Most Recent Articles In Beauty Features
Latest Beauty Features Articles
- Indie Beauty Brands See Major Growth in the Prestige Market
- Bernard Marionnaud, Perfumery Founder, Dies at 81
- Biotherm Taps Candice Swanepoel
More Articles By
NEW YORK — Beauty industry veteran Suzanne Grayson watched a dream materialize into reality over the weekend, as she welcomed a conga line of visitors to the first annual consumer beauty and wellness expo, Pathways to Beauty and Well-Being.
The three-day conference was held at the Jacob K. Javits Convention Center here and ended Sunday. The goal of the expo, explained Grayson, Pathways founder and president of Grayson Associates, was to create an exciting, nonintimidating environment for consumers to gain exposure to the latest beauty and well-being products, and to offer attendees an educational experience.
The expo housed 161 exhibitors — touting more than 2,000 different brands — across five pavilions, covering beauty, personal care, nutrition and health, fitness and personal growth. More than 21,450 attendees visited Pathways over the show’s run, according to organizers. “Every exhibitor was delighted,” said Karen Crawford, show director and group vice president for Pathways. “It was really exciting to see all these attendees getting makeovers, new hairdos, facials, massages and free gifts and samples.”
Grayson, whose extensive career included 14 years at Revlon, dreamed up the concept several years ago and has worked to enlist sponsors ever since. Publisher of Allure magazine Nancy Berger recalled discussing the concept with Grayson nearly a year and a half ago, and joked Allure ought to have thought of the idea first.
The beauty magazine, along with Self, Fitness, Teen People, New York magazine and New York University School of Continuing and Professional Studies, sponsored nearly 40 seminars, covering topics such as dropping a hairdresser to starting a business.
Shortly before the show floor opened Friday afternoon, Grayson presented Emmy Award winning soap-opera star Susan Lucci with the first ever Pathways “Yes You Can” Award, which was created to honor women who have overcome obstacles, or have helped other women succeed. Other recipients of the annual award included CNN anchor Paula Zahn and High Voltage, a personal trainer whose high-profile client list includes Katie Couric.
Drag queen and fashionista RuPaul was on hand, inconspicuous in a smart-looking seersucker suit, to watch High Voltage, his personal trainer, accept the “Yes You Can” Award. In between booth visits, RuPaul stopped to talk beauty, confiding that his favorite products of the moment include Decleor skin care and MAC eye pencils.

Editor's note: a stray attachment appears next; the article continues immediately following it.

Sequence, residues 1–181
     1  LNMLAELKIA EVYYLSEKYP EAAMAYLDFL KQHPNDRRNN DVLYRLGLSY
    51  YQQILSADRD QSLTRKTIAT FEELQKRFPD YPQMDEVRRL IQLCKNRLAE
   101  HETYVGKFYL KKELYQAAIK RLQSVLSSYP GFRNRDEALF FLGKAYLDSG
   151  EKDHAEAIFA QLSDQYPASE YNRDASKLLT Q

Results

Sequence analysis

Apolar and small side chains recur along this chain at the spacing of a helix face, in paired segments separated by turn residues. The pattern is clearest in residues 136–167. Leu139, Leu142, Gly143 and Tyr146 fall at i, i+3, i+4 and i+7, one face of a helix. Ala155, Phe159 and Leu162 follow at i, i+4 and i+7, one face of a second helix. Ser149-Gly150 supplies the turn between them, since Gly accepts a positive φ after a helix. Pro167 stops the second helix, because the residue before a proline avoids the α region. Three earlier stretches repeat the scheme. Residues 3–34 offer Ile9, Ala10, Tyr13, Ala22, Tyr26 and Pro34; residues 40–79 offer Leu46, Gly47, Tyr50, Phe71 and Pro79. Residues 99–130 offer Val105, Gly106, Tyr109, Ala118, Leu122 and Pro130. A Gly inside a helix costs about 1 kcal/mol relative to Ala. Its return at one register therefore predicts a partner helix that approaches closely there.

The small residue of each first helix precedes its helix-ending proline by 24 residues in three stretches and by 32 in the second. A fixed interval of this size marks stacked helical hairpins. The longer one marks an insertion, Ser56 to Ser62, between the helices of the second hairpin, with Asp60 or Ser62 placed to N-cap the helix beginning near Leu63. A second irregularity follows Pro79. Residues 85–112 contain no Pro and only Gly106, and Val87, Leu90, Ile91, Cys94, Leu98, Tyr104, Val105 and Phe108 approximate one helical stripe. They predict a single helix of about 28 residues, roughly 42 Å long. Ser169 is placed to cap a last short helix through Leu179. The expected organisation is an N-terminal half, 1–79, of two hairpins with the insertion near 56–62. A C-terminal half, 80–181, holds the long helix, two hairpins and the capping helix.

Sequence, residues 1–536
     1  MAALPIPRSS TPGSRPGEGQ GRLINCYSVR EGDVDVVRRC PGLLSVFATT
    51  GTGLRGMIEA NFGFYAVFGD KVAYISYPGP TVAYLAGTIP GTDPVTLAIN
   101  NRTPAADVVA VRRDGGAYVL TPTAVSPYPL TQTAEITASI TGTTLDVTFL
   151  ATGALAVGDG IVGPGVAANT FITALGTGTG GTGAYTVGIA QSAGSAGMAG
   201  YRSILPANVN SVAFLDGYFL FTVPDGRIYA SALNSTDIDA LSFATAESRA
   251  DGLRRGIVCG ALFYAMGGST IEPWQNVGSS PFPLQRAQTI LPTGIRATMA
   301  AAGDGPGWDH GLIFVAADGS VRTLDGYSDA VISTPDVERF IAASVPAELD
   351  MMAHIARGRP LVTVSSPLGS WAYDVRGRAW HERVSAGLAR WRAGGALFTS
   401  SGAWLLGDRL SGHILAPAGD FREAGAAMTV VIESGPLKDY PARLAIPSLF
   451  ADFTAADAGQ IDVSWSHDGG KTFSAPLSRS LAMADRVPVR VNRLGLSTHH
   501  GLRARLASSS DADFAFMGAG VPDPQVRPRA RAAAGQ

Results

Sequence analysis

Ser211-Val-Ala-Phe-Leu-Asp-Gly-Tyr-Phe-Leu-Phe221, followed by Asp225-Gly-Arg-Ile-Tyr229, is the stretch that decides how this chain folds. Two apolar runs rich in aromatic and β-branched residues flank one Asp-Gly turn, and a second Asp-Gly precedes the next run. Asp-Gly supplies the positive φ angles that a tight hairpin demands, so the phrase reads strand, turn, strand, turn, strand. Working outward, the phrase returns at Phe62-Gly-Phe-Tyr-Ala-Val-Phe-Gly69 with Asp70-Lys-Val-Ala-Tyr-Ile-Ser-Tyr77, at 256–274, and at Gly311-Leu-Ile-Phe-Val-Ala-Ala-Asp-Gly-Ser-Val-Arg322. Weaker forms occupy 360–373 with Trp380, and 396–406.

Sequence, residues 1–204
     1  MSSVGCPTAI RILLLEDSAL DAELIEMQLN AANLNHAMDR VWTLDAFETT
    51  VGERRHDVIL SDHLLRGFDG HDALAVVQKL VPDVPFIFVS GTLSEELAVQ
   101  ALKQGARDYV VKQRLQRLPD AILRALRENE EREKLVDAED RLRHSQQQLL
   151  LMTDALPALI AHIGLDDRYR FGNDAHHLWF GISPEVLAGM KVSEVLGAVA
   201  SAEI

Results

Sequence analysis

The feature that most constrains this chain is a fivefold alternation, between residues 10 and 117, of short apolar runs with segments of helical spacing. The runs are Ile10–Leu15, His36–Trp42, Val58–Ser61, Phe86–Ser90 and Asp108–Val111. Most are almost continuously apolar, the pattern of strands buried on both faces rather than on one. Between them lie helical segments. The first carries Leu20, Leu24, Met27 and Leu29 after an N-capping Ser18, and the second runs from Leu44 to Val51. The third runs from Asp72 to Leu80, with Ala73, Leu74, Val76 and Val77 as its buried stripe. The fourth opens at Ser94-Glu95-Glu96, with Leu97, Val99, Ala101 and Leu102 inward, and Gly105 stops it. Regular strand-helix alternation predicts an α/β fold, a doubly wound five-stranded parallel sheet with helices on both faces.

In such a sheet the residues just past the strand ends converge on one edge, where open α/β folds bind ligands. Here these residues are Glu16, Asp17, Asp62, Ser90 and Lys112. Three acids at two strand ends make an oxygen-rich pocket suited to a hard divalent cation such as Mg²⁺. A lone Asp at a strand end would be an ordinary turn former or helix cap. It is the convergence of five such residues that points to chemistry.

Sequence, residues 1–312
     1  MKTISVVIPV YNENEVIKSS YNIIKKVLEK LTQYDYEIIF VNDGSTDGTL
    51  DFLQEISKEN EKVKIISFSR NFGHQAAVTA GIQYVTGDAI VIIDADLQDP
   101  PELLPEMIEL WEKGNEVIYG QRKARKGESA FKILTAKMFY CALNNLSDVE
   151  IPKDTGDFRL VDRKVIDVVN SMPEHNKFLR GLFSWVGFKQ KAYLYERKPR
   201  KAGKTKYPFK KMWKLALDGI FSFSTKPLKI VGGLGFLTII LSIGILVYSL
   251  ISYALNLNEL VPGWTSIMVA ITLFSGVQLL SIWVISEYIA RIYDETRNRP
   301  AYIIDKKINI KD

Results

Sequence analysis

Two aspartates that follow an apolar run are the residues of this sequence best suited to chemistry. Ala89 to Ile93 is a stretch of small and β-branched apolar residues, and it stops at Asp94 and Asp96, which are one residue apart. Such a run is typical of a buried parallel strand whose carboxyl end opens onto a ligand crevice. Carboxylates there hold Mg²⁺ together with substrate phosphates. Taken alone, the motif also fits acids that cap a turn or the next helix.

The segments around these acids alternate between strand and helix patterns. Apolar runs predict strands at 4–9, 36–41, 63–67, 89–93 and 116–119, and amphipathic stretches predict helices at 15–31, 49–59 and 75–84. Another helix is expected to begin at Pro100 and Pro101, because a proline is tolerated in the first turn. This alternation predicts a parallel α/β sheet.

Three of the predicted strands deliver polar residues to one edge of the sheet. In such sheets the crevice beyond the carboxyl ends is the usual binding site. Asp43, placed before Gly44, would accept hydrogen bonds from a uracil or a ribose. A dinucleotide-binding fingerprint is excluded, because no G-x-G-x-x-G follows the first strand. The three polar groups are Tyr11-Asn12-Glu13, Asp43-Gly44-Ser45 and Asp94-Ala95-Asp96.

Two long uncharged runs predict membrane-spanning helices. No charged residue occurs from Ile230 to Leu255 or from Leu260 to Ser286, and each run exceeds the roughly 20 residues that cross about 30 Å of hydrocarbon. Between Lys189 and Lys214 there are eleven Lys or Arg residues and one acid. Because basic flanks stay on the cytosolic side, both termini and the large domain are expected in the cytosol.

This story first appeared in the September 17, 2004 issue of WWD. Subscribe Today.
Tyra Banks, the Victoria Secret model turned reality TV host of “America’s Next Top Model,” made an appearance, signing autographs for two hours Friday evening. For this occasion, Banks left the talent selection to Ford Models agency scouts, who held an open call for models Friday and Saturday afternoon.
Exhibitors seemed pleased with the flow of traffic and the opportunity to chat face-to-face with avid beauty consumers. Nivea and Chanel were among the first exhibitors to sign on. “[Pathways] was a great opportunity for us to talk to our customer directly about the positioning of Nivea, being ‘Inspired by the way skin works,’” said Susan Savoie, vice president of marketing for Nivea. She added that a generous giveaway of free samples generated a steady flow of visitors to the Nivea booth.
The Chanel booth, which looked like a department store counter transplanted onto a showroom floor, was bustling with makeovers. Visitors could purchase products there, or have them sent to their home free of charge. Just next door, Sephora set up a mini store —manned by 14 black-clad product consultants — featuring the beauty retailer’s top brands, such as Bliss, Smashbox, Lorac and NARS. Sephora merchandised skin care and fragrance in a space 20-feet-by- 20-feet, and color cosmetics within a 20-foot-by-30-foot space. Sephora also hosted LifeStage MakeOvers, with professional makeup artists selecting women from the audience for live beauty demonstrations.